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County Laois

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County Laois is in Ireland's East Coast and Midlands.




  • Aghaboe, Arles
  • Ballacolla, Ballaghmore, Ballickmoyler, Ballinakill, Ballybrittas, Ballybrophy, Ballyfin, Ballylinan, Ballyroan, Borris-in-Ossory
  • Castletown, Clonaslee, Clonenagh, Cullohill
  • Donaghmore, Durrow
  • Emo, Errill
  • Graiguecullen
  • Jamestown, Laois|Jamestown
  • Killeshin, Killeen, Killenard
  • Newtown
  • Raheen, Rathdowney, Rosenallis
  • Sletty
  • Timahoe
  • Vicarstown

Other destinations[edit]


The area now known as Laois (pronounced "Leesh") was originally inhabited by the O'Mordha Clan (later known as O'More and then Moore). In ancient times the O’More tribe-name of Ui Laoighis (Pronounced Leesh) was applied to their territory, and that it is derived from a famous Ulster ancestor named Lughaidh Laeighseach (Lewy Leesagh), son of Laeighseach Canvore, son of the renowned Conall Cearnach, chief of the Red Branch Knights of Ulster in the first century.

The county itself was created in 1556 by Mary I of England as Queen's County, Laois received its present Irish language name following the Irish War of Independence. Portlaoise (previously Maryborough) is the county town.

Laois was the subject of two Plantations or colonizations by English settlers. The first occurred in 1556, when the Earl of Sussex dispossessed the O'More clan from the area and attempted to replace them with English settlers. However, this only led to a long drawn out guerilla war in the county and left a small English community clustered around garrisons. There was a more successful plantation in the county in 17th century, which expanded the existing English settlement with more landowners and tenants from England. Neither plantation was fully successful due to a lack of tenants and because of continuous raids and attacks by the O'Mores.

Finally, the county became home to a community of French Huguenots in the 1690s, who were settled in Ireland after their service to William of Orange in the Williamite war in Ireland. In addition to this, large numbers of Quakers settled in Mountmellick and developed the area.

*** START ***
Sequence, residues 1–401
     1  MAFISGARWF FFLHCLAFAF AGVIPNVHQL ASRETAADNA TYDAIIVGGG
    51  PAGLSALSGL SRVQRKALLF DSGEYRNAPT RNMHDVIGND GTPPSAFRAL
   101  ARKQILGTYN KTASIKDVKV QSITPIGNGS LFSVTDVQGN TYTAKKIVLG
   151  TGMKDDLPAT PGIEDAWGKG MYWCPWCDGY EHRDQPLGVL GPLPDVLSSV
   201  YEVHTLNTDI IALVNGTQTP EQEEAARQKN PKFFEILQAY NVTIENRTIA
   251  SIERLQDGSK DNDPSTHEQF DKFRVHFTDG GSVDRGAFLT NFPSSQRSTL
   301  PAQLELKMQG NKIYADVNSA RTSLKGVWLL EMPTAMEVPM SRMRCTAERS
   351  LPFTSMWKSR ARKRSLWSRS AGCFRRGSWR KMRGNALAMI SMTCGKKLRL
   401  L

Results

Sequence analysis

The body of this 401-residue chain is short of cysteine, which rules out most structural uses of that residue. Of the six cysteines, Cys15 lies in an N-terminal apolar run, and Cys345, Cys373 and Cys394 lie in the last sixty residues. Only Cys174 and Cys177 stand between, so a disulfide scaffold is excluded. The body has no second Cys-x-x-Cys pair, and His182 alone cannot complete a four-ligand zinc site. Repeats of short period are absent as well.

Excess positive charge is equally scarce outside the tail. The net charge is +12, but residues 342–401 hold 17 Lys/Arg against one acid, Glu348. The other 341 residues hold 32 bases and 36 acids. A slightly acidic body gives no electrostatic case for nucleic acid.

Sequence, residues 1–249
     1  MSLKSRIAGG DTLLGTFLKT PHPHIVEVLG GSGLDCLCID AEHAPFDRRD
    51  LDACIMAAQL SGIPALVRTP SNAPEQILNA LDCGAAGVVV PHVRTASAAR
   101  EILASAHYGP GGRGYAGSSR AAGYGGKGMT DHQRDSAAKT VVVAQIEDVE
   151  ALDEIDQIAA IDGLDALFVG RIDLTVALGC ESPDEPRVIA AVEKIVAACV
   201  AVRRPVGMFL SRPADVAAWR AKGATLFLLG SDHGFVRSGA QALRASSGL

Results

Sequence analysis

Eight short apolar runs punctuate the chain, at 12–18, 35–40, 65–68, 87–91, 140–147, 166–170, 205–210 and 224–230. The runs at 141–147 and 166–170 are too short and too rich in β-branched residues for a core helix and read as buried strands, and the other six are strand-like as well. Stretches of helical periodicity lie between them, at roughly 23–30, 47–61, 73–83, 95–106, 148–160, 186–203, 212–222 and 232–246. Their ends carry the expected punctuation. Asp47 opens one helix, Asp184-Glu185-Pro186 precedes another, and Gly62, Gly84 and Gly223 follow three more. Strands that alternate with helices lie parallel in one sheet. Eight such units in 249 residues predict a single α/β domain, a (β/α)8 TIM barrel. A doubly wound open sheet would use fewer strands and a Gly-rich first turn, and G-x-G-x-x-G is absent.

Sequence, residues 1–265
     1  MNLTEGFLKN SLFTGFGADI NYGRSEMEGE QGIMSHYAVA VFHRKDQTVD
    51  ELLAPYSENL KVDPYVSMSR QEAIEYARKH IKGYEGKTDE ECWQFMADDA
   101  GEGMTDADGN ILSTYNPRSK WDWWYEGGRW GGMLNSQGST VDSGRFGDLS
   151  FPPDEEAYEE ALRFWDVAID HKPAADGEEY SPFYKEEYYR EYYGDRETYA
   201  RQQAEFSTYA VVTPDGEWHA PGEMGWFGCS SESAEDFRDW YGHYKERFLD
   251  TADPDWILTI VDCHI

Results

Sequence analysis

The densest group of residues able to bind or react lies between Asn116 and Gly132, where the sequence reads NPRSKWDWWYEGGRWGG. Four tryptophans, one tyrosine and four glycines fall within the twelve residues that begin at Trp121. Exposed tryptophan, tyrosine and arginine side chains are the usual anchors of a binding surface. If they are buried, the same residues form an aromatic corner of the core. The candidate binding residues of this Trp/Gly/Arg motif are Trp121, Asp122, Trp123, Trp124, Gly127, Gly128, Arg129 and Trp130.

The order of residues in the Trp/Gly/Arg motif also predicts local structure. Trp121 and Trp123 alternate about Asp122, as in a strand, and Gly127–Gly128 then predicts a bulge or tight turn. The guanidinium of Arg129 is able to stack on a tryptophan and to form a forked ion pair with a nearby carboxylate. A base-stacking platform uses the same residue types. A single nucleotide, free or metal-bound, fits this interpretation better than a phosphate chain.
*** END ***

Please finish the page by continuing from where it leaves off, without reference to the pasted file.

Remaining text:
The population of County Laois is expanding rapidly, given its easy commute to Dublin and affordable housing in pleasant surroundings. In the 2006 census the population had increased by 14% to 67,000 people.

The county is landlocked and, uniquely amongst Irish counties it does not border any other counties with a sea coast. It is therefore considered to be "the most landlocked county in Ireland[1]"


Get in[edit]

Laois lies one hour southwest of Dublin, with train stations at Portlaoise, Portarlington and Ballybrophy. Irish Rail [6] runs eighteen trains to and from these stations a day, with further connections to Galway and the west of Ireland, Limerick and Cork.

Get around[edit]

See[edit][add listing]

Even though Laois is not the most popular tourist destination in Midlands, there are a number of various tourist attractions scattered around County Laois.

  • Abbeyleix Bog, Abbeyleix, [1]. A great spot for tourists to visit as it is situated close to the Abbeyleix town and covers of five hundred acres of cutaway, lag, bog, meadows and wet carr woodlands.  edit
  • Ballintubbert Gardens, Ballintubbert, [2]. Designed by Sir Lutyens and recently went through a makeover and expansion process.  edit
  • Ballaghmore Castle, Borris-in-Ossory, [3]. Ballaghmore Castle was built in 1480 and then partially destroyed by Cromwell's forces in 1647. It was restored in 1836 by a Mr. Ely who found a hoard of gold on the land.  edit
  • Castle Durrow, Durrow, [4]. Castle Durrow was constructed in the 18th century and the Flower family resided in the house for over 200 years.  edit
  • Emo Court, Emo. This country villa was designed in the 1700’s by architect James Gandon.  edit
  • Gash Gardens, Castletown, [5]. May 1 – September 30. Monday-Saturday 10am-5pm. This is a relatively new garden which was started in 1986 by Noel Keenan. €5.00.  edit
  • Grantstown Lake. The lake is located very near to Durrow and has gone through an upgrade recently and a lake jetty, car park and new walking paths have been formed to encourage visitors to enjoy the surroundings to the fullest.  edit
  • The Heywood gardens, Ballinakill. These gardens provide visitors with a tranquil environment that allows them to absorb the beautiful sights and colours of a vibrant Irish garden that has a fantastic landscape to it. The gardens are owned and maintained by the office of public works.  edit
  • Poet’s Cottage, Camross. The cottage gets its name from a poet by the name of Patrick Ryan who lived in Camross during 1750 and 1825 and wrote a lot of poetry about the scenic beauty and the local community.  edit
  • The Rock of Dunamase. The site is situated one of Laois is low lying plans and has a castle that had been plundered by the Vikings in the past. This historic site also provides visitors with a spectacular view of the Irish country side and is a great place for photography.  edit
  • Timahoe Round Tower, Timahoe. The Round Tower constructed in the 12th century.  edit

County Laois also has a mixture of castles, mansions, forts and old structures that are now in ruins but are still worth visiting.

Do[edit][add listing]

Eat[edit][add listing]

Drink[edit][add listing]

Get out[edit]

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